Yu Chen v. US Attorney General


Opinion issued by court as to Petitioner Yu Zhong Chen. Decision: Affirmed. Petition Denied. Opinion type: Non-Published. Opinion method: Per Curiam.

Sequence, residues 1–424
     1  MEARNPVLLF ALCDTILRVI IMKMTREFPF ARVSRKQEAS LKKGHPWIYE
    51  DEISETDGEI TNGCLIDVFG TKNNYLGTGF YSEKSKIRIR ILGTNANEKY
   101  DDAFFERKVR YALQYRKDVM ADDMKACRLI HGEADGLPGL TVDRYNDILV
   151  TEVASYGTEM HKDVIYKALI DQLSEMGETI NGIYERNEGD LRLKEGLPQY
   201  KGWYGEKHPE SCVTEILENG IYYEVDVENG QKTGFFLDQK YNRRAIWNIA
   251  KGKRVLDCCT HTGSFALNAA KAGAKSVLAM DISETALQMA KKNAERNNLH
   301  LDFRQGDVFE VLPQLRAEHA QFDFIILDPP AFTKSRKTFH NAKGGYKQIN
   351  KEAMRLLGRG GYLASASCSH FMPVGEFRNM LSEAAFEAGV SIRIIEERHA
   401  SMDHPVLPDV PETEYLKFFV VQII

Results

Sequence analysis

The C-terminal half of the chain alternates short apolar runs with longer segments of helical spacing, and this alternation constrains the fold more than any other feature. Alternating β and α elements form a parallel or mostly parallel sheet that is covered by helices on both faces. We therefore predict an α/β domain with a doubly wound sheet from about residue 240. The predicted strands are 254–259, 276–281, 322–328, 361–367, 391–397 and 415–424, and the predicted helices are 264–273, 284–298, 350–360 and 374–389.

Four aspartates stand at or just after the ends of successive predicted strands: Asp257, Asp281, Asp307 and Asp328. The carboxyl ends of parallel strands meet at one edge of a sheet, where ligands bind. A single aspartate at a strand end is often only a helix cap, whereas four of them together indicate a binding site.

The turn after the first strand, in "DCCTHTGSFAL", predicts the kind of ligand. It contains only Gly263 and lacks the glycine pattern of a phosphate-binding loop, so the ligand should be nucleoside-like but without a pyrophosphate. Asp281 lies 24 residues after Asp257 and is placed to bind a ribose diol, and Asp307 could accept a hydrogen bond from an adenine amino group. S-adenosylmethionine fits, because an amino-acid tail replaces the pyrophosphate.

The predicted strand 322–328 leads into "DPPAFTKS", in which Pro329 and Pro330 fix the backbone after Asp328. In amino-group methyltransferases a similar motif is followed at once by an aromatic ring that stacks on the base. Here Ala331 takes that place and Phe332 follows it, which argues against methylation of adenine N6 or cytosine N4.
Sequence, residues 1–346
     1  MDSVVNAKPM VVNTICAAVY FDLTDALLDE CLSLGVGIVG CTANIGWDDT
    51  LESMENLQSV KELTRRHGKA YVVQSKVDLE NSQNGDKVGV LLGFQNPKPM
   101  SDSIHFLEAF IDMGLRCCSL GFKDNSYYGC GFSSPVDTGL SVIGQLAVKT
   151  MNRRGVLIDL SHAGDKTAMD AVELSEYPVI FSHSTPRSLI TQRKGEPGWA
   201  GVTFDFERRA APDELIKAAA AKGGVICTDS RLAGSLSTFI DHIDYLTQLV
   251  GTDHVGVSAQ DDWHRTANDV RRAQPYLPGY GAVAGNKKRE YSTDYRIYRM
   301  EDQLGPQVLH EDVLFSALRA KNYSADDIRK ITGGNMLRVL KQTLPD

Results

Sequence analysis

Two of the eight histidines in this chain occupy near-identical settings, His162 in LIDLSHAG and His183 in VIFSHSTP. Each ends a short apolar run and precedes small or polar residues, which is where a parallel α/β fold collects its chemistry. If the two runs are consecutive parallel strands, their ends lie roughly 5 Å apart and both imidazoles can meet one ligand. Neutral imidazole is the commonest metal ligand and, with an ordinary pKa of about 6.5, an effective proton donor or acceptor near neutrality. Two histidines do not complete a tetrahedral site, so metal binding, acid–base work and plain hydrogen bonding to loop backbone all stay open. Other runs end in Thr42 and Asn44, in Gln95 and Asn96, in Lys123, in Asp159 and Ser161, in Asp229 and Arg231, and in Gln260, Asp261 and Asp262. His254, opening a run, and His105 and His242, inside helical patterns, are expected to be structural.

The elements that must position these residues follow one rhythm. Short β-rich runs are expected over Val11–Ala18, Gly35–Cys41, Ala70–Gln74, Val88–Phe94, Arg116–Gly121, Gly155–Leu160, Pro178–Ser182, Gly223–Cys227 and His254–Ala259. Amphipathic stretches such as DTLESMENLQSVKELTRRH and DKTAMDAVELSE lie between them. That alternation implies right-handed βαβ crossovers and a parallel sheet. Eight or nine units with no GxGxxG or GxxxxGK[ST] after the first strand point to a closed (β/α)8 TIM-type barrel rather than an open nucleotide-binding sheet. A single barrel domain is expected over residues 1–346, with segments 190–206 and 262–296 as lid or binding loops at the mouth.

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Case: 12-14281 Date Filed: 04/26/2013 Page: 1 of 6 [DO NOT PUBLISH] IN THE UNITED STATES COURT OF APPEALS FOR THE ELEVENTH CIRCUIT ________________________ No. 12-14281 Non-Argument Calendar ________________________ Agency No. A079-433-612 YU ZHONG CHEN, Petitioner, versus U.S. ATTORNEY GENERAL, Respondent. ________________________ Petition for Review of a Decision of the Board of Immigration Appeals ________________________ (April 26, 2013) Before CARNES, WILSON, and ANDERSON, Circuit Judges. PER CURIAM: Yu Zhong Chen, a Chinese national who attempted to enter the United States without valid entry documents, petitions for review of the Board of Immigration Case: 12-14281 Date Filed: 04/26/2013 Page: 2 of 6 Appeals’ decision denying his motion to reopen his removal proceedings. After the initiation of removal proceedings in 2002, Chen filed an application for asylum and withholding of removal, claiming that he was arrested, interrogated, and beaten after Chinese officials broke up a small Christian prayer group at his home in Fuzhou City, Fujian Province; and that China’s one-child family planning policy prevented him and his wife from having a second child. Relying on inconsistencies and omissions in his various statements to immigration officials, an immigration judge found that Chen was not credible, denied his application for relief, and ordered his removal to China. The BIA affirmed that decision in June 2004 without written opinion. Over seven years later, in January 2012, Chen moved to reopen his removal proceedings on the ground that conditions in China had worsened for members of unsanctioned Christian groups and opponents of the one-child policy. The BIA denied the motion as untimely under the 90-day deadline for filing motions to reopen, concluding that Chen failed to overcome the limitation period by demonstrating a material change in conditions in either his hometown of Fuzhou City or in China as a whole. The BIA also found that Chen did not establish a prima facie case for asylum, withholding of removal, or relief under the United Nations Convention Against Torture (CAT) because he did not present evidence 2 Case: 12-14281 Date Filed: 04/26/2013 Page: 3 of 6 that the Chinese government was aware of his current religious practices and would specifically target him for persecution upon his return. We review the denial of a motion to reopen removal proceedings for an abuse of discretion, and our review is limited to determining whether the BIA exercised its discretion in an arbitrary or capricious manner. Zhang v. U.S. Att’y Gen., 572 F.3d 1316, 1319 (11th Cir. 2009). Because motions to reopen are especially disfavored in removal proceedings, where every delay generally “works to the advantage of the deportable alien who wishes merely to remain in the United States,” INS v. Doherty, 502 U.S. 314, 323, 112 S.Ct. 719, 724 (1992),” the moving party “bears a heavy burden,” Zhang, 572 F.3d at 1319. A motion to reopen removal proceedings must be filed within 90 days of the date of the final administrative order of removal. 8 U.S.C. § 1229a(c)(7)(C)(i); 8 C.F.R. § 1003.2(c)(2). The 90-day deadline, however, is inapplicable where an alien demonstrates “changed country conditions arising in the country of nationality or the country to which removal has been ordered, if such evidence is material” and could not have been produced at the removal proceeding. 8 U.S.C. § 1229a(c)(7)(C)(ii); see also 8 C.F.R. 1003.2(c)(3)(ii). Chen contends that the BIA abused its discretion in denying his motion to reopen as untimely because the news articles and other materials he submitted in support of that motion showed an overall deterioration in conditions in China for 3 Case: 12-14281 Date Filed: 04/26/2013 Page: 4 of 6 Christians and opponents of the one-child policy, even if they do not specifically reference his hometown. Chen also maintains that the BIA failed to evaluate whether the new evidence warranted reopening and demonstrated his eligibility for asylum, withholding of removal, and CAT relief. We disagree with both contentions. In support of his motion to reopen, Chen submitted statements, reports, and media accounts from 2008 through 2011, which indicated that China enforces its one-child policy through fines, forced sterilization, and forced abortions, and that members of unauthorized Christian groups are subject to repression and mistreatment. Chen specifically draws our attention to three news articles he submitted to the BIA: (1) a 2008 article that reported an “overall increase in reported persecutions” of Christians between 2006 and 2007, but also noted that Chinese officials had narrowed their focus to target church leaders “rather than cracking down on ordinary believers”; (2) a 2011 article stating that a Chinese family planning official was accused of killing a man while attempting to apprehend his sister in order to have her forcibly sterilized; and (3) another 2011 article that recounted the arrests of dozens of Christians who gathered to celebrate mass and generally noted an “intense crackdown of Tibetan monks, human-rights activities, and others in recent weeks.” 4 Case: 12-14281 Date Filed: 04/26/2013 Page: 5 of 6 The materials submitted by Chen, including the three news articles he specifically relies on, do not demonstrate a significant change in the Chinese government’s enforcement of its one-child policy or its treatment of members of unauthorized Christian groups since he filed his asylum application in 2002. The State Department’s 2002 Country Report on Human Rights Practices in China, which was submitted in connection with Chen’s original removal proceedings, noted that the government strictly enforced its one-child policy in cities through coercive means, including fines and instances of forced abortions and forced sterilization. The 2002 report also noted that overall respect for freedom of religious belief in China remained poor, that the Chinese government cracked down on unsanctioned religious groups, including Christians, and that church leaders and adherents were subject to harassment, interrogation, detention, and even physical abuse. The reports of specific instances of abuse and isolated upticks in mistreatment in the past several years do not clearly indicate that present conditions in China are generally worse for Christians or opponents of the onechild policy than those described in the 2002 Country Report. At most, they document an unfortunate continuation of intolerance, harassment, and abuse on the part of the Chinese government. Chen has not conducted a meaningful comparison between conditions in 2002 and the present to support his assertion that overall 5 Case: 12-14281 Date Filed: 04/26/2013 Page: 6 of 6 conditions in China have worsened for Christians and those who oppose the onechild policy, nor has he submitted sufficient evidence to compel such a conclusion. The record also does not support Chen’s contention that the BIA failed to evaluate whether the materials he submitted warranted reopening of his removal proceedings and eligibility for relief. The BIA expressly considered the evidence Chen submitted and found that it did not establish either a material change in country conditions or eligibility for relief from removal. Because the BIA did not abuse its discretion in denying Chen’s untimely motion to reopen his removal proceedings, we deny his petition for review. PETITION DENIED. 6